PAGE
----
Pension & Benefits News Automatic enrollment boosts retirement plan participation
Tuesday, October 23, 2018

Automatic enrollment boosts retirement plan participation

By Pension and Benefits Editorial Staff

Enrolling new employees automatically into retirement plans increases plan participation dramatically, according to recent research from The Pew Charitable Trusts. The study found that plans that auto-enroll have participation rates that exceed 90 percent, compared with rates in the 50 percent range for plans in which workers must opt-in.

Survey respondents without a retirement plan at work were asked whether they would sign up if an employer-sponsored plan were offered. Separately, they were asked if they would opt out of a plan if automatically enrolled. Of those who said they definitely or probably would not sign up for an employer-sponsored plan on their own, 55 percent said they would stay if automatically enrolled. Not surprisingly, a large majority (85 percent) of those who said they would sign up for a plan if offered also said they would stay in if automatically enrolled.

To examine what motivates workers to participate, the survey asked those who had a plan at work but were not participating what would encourage them to join. They also were asked if they would opt out of an employer-sponsored plan if automatically enrolled. Large majorities said they would not opt out if automatically enrolled. Further, the study found that there was no statistically significant difference among those who said they would remain enrolled, no matter the motivator, implying that automatic enrollment is a cost-effective approach to increasing participation regardless of the pressures workers faced or inducements from which they thought they would benefit.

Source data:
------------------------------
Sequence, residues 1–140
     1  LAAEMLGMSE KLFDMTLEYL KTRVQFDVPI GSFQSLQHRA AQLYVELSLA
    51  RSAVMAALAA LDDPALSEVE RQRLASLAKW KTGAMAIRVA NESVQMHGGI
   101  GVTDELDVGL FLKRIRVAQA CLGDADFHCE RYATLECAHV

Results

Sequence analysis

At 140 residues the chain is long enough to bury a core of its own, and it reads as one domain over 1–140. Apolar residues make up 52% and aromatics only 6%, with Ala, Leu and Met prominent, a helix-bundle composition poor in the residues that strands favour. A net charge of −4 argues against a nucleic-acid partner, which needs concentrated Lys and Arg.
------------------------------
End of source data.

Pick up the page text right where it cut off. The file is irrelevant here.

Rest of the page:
Finally, those respondents without a plan at work were asked about the most important barriers they faced in saving for retirement—aside from having no way to save on the job. More workers who say they are unwilling to sacrifice quality of life would opt out compared with those who are saving for education, although significant majorities of each would, if enrolled automatically, remain in the program regardless of the perceived obstacles to retirement saving.

Source: Pew Charitable Trust Survey.

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